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- 8 April 2015
- WORKING PAPER SERIES - No. 1779Details
- The primary driver of commercial bank failures during the Great Recession was exposure to the real estate sector, not aggregate funding strains. The main \toxic" exposure was credit to non-household real estate borrowers, not traditional home mortgages or agency-issued MBS. Private-label MBS contributed to the failure of large banks only. Failed banks skewed their portfolios towards product categories that performed poorly on aggregate, and within each category invested in assets of lower quality than survivor banks did. They expanded more rapidly into real estate during the pre-crisis period, but rapid growth alone cannot explain differences in asset performance.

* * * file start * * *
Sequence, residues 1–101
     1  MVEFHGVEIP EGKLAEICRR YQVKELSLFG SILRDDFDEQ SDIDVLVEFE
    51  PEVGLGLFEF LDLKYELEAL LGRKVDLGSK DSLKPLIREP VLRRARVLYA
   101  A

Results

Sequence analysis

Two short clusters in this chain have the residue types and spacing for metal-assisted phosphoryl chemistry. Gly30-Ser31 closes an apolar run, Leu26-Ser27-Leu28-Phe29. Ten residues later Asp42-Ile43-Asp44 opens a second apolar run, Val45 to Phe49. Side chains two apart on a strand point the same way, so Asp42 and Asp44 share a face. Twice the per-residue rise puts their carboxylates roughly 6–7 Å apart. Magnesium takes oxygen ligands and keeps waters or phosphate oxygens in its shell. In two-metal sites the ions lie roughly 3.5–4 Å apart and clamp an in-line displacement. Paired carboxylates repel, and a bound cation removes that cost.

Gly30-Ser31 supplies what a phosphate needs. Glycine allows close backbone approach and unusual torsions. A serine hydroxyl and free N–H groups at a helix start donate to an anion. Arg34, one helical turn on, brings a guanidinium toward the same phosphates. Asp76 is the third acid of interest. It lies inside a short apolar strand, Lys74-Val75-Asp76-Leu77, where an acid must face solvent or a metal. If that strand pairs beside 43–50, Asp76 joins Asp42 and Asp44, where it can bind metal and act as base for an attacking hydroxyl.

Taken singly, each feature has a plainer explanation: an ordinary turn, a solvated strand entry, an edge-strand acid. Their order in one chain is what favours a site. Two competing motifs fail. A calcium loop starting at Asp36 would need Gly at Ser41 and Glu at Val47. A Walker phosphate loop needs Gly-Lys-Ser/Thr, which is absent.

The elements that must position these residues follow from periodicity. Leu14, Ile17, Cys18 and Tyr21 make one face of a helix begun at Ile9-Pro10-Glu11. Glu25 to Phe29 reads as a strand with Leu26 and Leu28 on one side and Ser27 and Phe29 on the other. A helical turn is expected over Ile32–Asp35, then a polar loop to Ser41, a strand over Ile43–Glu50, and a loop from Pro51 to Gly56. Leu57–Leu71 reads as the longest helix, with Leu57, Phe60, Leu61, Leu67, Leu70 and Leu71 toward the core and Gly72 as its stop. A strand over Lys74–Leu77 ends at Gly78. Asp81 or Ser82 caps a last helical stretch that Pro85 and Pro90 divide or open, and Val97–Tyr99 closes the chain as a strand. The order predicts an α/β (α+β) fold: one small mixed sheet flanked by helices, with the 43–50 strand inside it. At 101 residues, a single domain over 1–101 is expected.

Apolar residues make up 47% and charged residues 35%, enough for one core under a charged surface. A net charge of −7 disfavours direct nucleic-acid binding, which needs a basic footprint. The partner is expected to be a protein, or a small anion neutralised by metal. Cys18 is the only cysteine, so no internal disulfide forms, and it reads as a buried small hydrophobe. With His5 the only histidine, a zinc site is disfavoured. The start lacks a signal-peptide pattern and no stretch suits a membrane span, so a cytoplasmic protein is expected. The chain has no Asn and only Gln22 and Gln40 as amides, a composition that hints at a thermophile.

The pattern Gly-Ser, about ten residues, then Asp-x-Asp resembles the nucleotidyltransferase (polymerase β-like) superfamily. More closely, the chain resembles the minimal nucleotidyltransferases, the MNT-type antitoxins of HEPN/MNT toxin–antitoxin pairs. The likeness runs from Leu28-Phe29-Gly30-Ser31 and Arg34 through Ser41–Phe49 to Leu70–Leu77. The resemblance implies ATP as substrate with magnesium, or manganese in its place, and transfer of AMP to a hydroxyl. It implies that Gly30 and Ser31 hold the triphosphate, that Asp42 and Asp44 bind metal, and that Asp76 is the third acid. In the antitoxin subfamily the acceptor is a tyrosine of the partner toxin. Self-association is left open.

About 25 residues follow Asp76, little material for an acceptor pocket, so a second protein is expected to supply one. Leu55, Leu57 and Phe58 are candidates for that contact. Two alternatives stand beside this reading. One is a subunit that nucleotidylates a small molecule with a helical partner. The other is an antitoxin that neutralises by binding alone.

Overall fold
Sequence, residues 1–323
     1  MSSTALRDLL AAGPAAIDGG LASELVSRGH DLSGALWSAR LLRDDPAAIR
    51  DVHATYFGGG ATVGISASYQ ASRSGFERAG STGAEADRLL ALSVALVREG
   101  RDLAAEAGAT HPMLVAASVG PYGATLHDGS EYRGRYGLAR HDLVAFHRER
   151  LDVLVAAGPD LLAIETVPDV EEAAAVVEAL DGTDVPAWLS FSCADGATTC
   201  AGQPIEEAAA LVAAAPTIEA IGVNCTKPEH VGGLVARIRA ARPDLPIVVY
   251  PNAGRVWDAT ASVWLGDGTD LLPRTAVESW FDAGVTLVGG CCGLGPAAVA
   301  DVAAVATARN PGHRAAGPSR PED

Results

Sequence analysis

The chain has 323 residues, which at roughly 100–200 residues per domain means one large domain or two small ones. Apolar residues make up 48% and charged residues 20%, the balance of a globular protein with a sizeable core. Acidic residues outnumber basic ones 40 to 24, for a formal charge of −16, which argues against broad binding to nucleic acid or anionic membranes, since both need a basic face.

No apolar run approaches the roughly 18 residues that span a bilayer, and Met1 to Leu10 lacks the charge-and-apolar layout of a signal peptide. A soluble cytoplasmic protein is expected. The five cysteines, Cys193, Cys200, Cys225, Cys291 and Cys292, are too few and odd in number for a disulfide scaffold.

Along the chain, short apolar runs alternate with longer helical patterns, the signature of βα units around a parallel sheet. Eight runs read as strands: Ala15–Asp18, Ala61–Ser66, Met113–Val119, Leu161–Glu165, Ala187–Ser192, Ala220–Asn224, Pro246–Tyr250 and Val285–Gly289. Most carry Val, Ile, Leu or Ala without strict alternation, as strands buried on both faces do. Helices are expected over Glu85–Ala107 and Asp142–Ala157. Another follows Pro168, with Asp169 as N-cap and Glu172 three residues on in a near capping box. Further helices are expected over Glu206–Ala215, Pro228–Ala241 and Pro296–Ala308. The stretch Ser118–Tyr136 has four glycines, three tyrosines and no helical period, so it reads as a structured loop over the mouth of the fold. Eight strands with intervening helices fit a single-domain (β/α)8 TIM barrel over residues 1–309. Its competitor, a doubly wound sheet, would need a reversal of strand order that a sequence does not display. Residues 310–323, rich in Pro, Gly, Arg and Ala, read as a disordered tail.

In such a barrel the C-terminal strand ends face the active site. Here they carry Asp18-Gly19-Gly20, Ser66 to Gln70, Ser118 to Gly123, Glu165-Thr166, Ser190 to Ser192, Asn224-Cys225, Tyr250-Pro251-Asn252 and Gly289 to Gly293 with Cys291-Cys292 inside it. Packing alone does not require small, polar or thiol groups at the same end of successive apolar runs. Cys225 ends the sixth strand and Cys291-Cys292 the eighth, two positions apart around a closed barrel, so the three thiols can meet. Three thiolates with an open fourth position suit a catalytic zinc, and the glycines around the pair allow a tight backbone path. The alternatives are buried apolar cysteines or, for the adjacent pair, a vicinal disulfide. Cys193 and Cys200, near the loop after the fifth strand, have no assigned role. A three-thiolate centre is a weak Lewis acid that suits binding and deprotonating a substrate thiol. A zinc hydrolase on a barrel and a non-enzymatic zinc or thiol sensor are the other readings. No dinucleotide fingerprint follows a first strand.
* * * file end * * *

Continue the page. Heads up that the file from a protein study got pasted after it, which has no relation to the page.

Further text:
- JEL Code
- G21 : Financial Economics→Financial Institutions and Services→Banks, Depository Institutions, Micro Finance Institutions, Mortgages
G28 : Financial Economics→Financial Institutions and Services→Government Policy and Regulation
- Macroprudential Research Network